33

I can't seem to find documentation or examples for my problem (been searching a while now). I think my problem is pretty straightforward, so here goes.

I have two tables. My primary table is called Persons and the secondary table is PersonEntries. For each person in Person table, i can have 0 or more entries in the PersonEntries table. Like this.

Table: Person
Id
Name

Table: PersonEntry
PersonId
CheckinTime
CheckoutTime

I have two objects like this

public class Person {
  public string Name;
  public List<PersonEntry> PersonEntries;
}

public class PersonEntry {
  public DateTime CheckinTime;
  public DateTime CheckoutTime;
}

If i was to get it from the database into my c# classes how would i do it? I can map a single table into my c# class and do it for each table, but then i'm left to match what entries maps to what person.

I've seen several examples of mapping ONE PersonEntry to ONE Person, the problem here is that i have a zero-to-many relation. My Person have a LIST of PersonEntry items.

37

You can do something like this (see https://www.tritac.com/blog/dappernet-by-example):

public class Shop {
  public int? Id {get;set;}
  public string Name {get;set;}
  public string Url {get;set;}
  public IList<Account> Accounts {get;set;}
}

public class Account {
  public int? Id {get;set;}
  public string Name {get;set;}
  public string Address {get;set;}
  public string Country {get;set;}
  public int ShopId {get;set;}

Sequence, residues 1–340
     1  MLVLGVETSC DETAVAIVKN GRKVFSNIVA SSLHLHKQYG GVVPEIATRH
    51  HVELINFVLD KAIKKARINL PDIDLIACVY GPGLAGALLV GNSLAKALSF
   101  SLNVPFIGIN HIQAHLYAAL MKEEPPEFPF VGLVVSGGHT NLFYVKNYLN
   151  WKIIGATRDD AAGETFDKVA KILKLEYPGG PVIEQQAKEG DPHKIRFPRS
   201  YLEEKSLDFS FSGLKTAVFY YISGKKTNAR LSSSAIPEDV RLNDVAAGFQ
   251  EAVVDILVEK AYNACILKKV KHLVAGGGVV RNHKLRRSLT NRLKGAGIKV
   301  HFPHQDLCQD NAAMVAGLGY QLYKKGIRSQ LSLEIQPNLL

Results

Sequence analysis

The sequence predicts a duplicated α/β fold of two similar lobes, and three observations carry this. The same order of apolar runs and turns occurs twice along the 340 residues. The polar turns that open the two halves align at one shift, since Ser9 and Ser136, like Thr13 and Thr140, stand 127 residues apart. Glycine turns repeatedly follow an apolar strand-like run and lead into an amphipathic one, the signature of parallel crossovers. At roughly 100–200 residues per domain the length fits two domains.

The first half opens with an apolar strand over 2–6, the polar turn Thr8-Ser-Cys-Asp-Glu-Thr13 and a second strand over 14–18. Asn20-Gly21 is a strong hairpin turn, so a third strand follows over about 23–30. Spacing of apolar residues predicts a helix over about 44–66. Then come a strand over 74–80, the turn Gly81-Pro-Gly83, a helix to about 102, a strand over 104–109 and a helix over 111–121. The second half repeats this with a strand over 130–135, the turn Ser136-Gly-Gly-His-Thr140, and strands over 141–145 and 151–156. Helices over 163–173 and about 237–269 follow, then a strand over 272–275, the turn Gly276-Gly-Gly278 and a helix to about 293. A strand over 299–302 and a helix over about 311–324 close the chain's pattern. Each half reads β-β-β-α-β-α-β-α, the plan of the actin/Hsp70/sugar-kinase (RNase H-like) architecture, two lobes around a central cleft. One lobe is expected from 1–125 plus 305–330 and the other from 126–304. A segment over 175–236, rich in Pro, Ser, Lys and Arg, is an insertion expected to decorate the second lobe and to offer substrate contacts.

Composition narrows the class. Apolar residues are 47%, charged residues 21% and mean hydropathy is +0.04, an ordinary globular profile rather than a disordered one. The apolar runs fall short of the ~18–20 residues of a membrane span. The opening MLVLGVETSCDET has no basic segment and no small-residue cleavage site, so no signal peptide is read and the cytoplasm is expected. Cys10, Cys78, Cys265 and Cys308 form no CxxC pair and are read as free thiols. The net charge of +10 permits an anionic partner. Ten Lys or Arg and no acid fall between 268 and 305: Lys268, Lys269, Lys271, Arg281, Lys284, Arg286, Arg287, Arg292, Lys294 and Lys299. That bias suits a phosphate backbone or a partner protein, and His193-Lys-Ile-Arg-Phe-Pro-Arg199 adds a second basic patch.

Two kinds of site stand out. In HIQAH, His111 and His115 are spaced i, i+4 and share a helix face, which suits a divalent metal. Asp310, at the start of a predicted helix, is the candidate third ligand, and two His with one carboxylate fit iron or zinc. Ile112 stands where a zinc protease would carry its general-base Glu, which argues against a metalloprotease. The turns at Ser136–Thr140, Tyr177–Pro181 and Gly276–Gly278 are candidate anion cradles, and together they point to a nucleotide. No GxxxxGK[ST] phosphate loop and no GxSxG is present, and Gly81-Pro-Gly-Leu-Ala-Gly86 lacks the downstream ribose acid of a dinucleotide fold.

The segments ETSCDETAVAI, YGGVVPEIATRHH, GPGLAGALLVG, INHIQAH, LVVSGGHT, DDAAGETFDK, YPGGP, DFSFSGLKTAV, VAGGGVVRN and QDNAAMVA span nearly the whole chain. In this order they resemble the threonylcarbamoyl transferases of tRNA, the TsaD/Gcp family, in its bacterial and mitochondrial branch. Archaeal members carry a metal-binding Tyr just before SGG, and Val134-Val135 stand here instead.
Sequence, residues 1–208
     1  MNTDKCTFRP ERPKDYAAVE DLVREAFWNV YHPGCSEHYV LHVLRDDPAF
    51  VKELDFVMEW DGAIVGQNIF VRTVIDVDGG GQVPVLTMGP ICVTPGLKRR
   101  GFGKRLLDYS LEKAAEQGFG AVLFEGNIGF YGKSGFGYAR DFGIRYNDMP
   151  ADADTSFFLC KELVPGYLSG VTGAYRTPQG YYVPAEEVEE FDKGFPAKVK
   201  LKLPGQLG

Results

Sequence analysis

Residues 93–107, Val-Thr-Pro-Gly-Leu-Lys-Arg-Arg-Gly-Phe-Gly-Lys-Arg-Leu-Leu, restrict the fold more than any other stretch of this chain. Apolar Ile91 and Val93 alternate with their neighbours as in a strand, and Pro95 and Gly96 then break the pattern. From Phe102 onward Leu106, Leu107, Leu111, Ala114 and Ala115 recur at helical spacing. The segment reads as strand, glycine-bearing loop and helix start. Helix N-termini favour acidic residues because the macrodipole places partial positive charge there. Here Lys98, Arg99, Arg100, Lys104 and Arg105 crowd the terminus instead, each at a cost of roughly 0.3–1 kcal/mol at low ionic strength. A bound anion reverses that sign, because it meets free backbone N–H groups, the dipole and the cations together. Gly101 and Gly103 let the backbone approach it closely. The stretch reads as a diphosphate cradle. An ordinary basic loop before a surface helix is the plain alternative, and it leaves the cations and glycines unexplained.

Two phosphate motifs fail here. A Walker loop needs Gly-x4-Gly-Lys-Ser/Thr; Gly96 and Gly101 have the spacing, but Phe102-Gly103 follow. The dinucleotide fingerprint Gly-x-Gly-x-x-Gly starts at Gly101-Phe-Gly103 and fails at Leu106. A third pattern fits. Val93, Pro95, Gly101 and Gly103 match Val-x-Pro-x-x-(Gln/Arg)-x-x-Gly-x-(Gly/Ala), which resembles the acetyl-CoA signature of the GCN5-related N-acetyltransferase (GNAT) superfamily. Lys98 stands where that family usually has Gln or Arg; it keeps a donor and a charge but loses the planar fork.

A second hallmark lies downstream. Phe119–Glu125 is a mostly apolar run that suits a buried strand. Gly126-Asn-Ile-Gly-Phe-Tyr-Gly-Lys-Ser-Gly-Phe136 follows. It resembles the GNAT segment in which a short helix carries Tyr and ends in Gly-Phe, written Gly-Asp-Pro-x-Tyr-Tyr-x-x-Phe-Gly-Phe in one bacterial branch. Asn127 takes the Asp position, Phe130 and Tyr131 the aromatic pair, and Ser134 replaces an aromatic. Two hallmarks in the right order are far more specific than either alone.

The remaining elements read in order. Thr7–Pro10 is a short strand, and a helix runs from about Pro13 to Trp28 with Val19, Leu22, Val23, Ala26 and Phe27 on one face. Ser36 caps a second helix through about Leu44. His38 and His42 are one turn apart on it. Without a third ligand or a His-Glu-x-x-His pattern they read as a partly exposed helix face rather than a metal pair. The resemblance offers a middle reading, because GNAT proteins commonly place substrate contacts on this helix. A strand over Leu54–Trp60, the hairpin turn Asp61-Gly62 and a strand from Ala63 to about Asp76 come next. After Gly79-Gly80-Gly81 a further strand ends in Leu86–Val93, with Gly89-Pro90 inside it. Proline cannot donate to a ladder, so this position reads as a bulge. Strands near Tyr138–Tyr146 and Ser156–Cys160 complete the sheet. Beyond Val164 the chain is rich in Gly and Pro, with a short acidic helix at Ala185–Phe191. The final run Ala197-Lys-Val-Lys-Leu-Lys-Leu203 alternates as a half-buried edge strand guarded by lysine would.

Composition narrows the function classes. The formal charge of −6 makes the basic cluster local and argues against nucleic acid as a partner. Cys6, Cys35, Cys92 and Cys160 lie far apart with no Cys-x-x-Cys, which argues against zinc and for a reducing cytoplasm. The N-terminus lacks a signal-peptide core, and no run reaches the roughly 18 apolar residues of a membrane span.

}

var lookup = new Dictionary<int, Shop>()
conn.Query<Shop, Account, Shop>(@"
                SELECT s.*, a.*
                FROM Shop s
                INNER JOIN Account a ON s.ShopId = a.ShopId                    
                ", (s, a) => {
                     Shop shop;
                     if (!lookup.TryGetValue(s.Id, out shop)) {
                         lookup.Add(s.Id, shop = s);
                     }
                     if (shop.Accounts == null) 
                         shop.Accounts = new List<Account>();
                     shop.Accounts.Add(a);
                     return shop;
                 }
                 ).AsQueryable();
var resultList = lookup.Values;
  • the last parameter opens op for powerful features. I didn't think of solving it like that - was hoping for a more native-like feature, but this will do. Thanks :) – Per Hornshøj-Schierbeck Dec 10 '13 at 11:44

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